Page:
6.9.6. Overloaded string literals

OverloadedStrings
Since

6.8.1

Enable overloaded string literals (e.g. string literals desugared via the IsString class).

GHC supports overloaded string literals. Normally a string literal has type String, but with overloaded string literals enabled (with OverloadedStrings) a string literal has type (IsString a) => a.

This means that the usual string syntax can be used, e.g., for ByteString, Text, and other variations of string like types. String literals behave very much like integer literals, i.e., they can be used in both expressions and patterns. If used in a pattern the literal will be replaced by an equality test, in the same way as an integer literal is.

The class IsString is defined as:

class IsString a where
    fromString :: String -> a

The only predefined instance is the obvious one to make strings work as usual:

instance IsString [Char] where
    fromString cs = cs

The class IsString is not in scope by default. If you want to mention it explicitly (for example, to give an instance declaration for it), you can import it from module Data.String.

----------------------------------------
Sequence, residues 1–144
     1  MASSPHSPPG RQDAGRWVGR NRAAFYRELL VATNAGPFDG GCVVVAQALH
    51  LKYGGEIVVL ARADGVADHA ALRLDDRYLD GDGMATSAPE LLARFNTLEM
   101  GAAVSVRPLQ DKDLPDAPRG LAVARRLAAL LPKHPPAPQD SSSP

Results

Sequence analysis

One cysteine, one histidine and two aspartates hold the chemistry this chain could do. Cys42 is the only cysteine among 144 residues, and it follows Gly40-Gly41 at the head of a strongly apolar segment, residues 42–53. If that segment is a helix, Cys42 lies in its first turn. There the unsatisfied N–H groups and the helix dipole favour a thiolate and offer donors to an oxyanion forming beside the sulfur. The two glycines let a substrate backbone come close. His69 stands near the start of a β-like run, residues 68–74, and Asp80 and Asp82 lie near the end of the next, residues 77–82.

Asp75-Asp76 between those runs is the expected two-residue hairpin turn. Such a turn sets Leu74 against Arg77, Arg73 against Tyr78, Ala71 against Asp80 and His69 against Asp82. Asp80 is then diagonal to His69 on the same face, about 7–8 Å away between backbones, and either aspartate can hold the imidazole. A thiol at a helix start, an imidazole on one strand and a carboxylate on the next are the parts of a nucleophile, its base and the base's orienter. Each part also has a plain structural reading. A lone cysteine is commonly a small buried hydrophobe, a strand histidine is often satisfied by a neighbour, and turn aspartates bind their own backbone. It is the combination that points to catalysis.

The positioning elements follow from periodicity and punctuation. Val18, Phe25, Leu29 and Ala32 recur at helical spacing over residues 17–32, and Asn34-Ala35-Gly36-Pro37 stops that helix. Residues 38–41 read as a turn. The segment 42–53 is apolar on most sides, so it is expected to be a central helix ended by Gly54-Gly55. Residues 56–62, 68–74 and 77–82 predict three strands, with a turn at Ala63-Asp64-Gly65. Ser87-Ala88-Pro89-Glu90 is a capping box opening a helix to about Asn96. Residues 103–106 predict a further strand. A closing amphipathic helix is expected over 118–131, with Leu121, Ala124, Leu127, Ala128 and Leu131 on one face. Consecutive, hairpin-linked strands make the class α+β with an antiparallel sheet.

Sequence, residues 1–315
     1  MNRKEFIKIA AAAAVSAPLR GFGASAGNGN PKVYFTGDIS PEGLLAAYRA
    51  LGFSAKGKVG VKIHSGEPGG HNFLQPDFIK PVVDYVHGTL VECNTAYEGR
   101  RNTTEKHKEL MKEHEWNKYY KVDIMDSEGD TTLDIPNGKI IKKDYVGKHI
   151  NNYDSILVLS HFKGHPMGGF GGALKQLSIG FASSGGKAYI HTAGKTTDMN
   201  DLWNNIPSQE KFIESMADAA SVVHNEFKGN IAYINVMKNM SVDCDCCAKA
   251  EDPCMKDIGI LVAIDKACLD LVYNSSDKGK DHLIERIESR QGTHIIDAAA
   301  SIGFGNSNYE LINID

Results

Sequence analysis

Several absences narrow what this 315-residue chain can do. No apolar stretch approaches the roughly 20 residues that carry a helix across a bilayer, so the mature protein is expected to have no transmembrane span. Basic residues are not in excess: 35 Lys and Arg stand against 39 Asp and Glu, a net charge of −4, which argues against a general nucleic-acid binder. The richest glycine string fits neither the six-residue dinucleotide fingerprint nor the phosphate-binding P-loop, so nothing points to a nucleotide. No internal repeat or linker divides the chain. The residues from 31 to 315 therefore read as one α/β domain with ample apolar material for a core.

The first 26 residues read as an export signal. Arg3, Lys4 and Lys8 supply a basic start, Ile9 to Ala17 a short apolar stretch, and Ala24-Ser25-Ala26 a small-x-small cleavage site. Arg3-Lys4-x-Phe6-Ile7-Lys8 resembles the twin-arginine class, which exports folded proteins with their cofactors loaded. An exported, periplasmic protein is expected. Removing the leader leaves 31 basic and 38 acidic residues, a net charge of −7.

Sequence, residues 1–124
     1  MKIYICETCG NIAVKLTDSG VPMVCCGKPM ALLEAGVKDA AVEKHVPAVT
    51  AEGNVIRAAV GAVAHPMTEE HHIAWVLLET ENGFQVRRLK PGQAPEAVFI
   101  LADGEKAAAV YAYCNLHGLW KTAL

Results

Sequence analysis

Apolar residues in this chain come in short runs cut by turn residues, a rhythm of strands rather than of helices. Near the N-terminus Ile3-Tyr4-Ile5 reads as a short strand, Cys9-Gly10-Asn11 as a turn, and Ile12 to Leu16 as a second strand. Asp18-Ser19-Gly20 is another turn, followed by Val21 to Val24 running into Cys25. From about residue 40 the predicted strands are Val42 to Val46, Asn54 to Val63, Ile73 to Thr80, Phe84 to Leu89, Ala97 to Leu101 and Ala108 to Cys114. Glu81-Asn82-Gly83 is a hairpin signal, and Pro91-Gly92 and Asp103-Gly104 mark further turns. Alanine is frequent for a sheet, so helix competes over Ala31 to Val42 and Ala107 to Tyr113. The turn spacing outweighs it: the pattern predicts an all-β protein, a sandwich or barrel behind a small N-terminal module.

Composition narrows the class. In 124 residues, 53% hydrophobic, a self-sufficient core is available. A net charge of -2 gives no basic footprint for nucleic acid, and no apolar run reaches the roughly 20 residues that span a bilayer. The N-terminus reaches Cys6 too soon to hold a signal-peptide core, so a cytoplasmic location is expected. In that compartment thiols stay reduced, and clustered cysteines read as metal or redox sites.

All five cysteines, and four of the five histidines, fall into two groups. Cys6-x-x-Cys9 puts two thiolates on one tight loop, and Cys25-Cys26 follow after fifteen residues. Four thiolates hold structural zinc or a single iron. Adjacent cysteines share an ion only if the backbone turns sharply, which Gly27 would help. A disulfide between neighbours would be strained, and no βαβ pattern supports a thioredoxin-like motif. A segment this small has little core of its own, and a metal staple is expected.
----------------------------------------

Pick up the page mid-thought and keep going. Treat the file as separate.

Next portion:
Haskell’s defaulting mechanism (Haskell Report, Section 4.3.4) is extended to cover string literals, when OverloadedStrings is specified. Specifically:

  • Each type in a default declaration must be an instance of Num or of IsString.

  • If no default declaration is given, then it is just as if the module contained the declaration default( Integer, Double, String).

  • The standard defaulting rule is extended thus: defaulting applies when all the unresolved constraints involve standard classes or IsString; and at least one is a numeric class or IsString.

So, for example, the expression length "foo" will give rise to an ambiguous use of IsString a0 which, because of the above rules, will default to String.

A small example:

module Main where

import Data.String( IsString(..) )

newtype MyString = MyString String deriving (Eq, Show)
instance IsString MyString where
    fromString = MyString

greet :: MyString -> MyString
greet "hello" = "world"
greet other = other

main = do
    print $ greet "hello"
    print $ greet "fool"

Note that deriving Eq is necessary for the pattern matching to work since it gets translated into an equality comparison.